In the North West, Liverpool and the Wirral residents saw more than£500,000 spent removing dumped waste.
Much waste has been dumped in rivers and streams, while rural lanes and parks are also targeted by the criminal gangs
Cash-strapped councils have been struggling to clear the epidemic of illegal dumping
Last week, Mr Sunak released a 41-page document which included measures to tackle fly-tipping and illegal dumping.
It formed part of a package of reforms that will see trials of swifter justice measures and increased policing in areas of England and Wales deemed to have high amounts of low-level crime.
The plan, announced by the Prime Minister during a visit to Essex on Monday, also includes a ban on the sale of laughing gas against the advice of official government advisers.
Mr Sunak, who stressed the importance of ‘strong communities built on values’, said anti-social behaviour is ‘not the type of country that we are and that is why it is important we do something about it’.
Speaking to members of the public, he said: ‘We’re going to ban nitrous oxide. And we’re also going to expand the power of the police to do drug testing on arrest for far more crimes and far more drugs and tackle the scourge of drugs.’
Beyond the health implications for users of so-called ‘hippy crack’, once inhaled, the discarded cannisters are often left to litter the streets.
After last year’s Notting Hill Carnival, clean-up crews filled an entire skip with cannisters of potentially explosive Dutch ‘Fast Gas’, among the 300 tonnes of trash collected from the north London streets.
Current legislation already prohibits the knowing or reckless supply of nitrous oxide for inhalation.
But the Government plans to make it a Class C drug, according to its anti-social behaviour action plan, which could see users facing up to two years in jail and unlimited fines.
Ministers hope to ban nitrous oxide before the end of the year.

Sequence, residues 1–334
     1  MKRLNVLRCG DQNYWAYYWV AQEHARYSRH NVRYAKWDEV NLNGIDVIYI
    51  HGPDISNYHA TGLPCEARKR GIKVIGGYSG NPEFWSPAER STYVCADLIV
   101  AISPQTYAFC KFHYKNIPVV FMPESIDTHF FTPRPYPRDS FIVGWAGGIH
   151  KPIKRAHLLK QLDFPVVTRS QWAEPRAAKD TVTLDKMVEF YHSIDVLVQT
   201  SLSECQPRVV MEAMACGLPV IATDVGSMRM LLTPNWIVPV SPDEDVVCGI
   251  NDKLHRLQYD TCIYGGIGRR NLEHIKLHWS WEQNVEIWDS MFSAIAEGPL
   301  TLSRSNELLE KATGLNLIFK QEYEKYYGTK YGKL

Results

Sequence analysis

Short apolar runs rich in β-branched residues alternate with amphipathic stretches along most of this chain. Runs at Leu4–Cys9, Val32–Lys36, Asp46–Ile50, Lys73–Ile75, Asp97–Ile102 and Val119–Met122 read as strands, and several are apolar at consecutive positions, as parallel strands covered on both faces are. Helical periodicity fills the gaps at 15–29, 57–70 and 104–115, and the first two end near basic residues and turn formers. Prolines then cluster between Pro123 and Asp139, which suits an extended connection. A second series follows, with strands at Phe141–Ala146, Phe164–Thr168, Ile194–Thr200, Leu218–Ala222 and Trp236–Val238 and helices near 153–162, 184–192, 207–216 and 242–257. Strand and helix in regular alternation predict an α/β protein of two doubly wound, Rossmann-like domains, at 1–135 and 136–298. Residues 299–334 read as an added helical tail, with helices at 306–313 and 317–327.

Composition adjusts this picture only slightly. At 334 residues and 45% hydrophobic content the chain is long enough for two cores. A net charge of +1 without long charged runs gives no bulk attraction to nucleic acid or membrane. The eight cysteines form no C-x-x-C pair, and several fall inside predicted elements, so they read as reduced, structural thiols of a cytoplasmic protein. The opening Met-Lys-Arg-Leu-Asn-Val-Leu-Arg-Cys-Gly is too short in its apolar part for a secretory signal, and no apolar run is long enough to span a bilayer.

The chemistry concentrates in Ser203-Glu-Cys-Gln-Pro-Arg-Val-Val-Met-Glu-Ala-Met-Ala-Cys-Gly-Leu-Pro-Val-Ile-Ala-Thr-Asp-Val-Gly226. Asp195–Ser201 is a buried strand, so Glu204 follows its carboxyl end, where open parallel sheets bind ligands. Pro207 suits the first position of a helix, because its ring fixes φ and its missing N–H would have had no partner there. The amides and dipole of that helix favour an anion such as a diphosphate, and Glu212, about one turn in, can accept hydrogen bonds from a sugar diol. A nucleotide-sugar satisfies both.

Under the plan, drug testing of criminals will become more prevalent, on-the-spot fines for graffiti and fly-tipping will be increased, and more money will be ploughed into youth centres as part of a bid to eradicate behaviours spoiling Britain’s neighbourhoods.
So-called Immediate Justice proposals will aim to see perpetrators behind anti-social activity carry out repair and clean-up works within 48 hours of being handed community orders.
Offenders will be made to wear hi-vis vests or jumpsuits and work under supervision while picking up litter, removing graffiti and washing police cars as punishment for their actions.
Victims of anti-social behaviour will be given a say in how criminals are disciplined to ensure justice is visible and fits the crime, according to the Department for Levelling Up, Housing and Communities.
In what is being called Hotspot Policing, some areas will trial having enforced police patrols.
Other measures include:
- A reporting tool for the public to log anti-social behaviour and receive updates on any action to tackle it.
- Increased fines for graffiti and littering, rising to up to £500, and up to £1,000 for fly-tipping.
- Landlords and housing associations being given more powers to evict unruly tenants who create persistent noise.
- Reopening empty shops by giving councils new powers to quickly take control and sell off empty buildings.
- Setting up an anti-social behaviour taskforce jointly led by the Home Secretary and Levelling Up Secretary.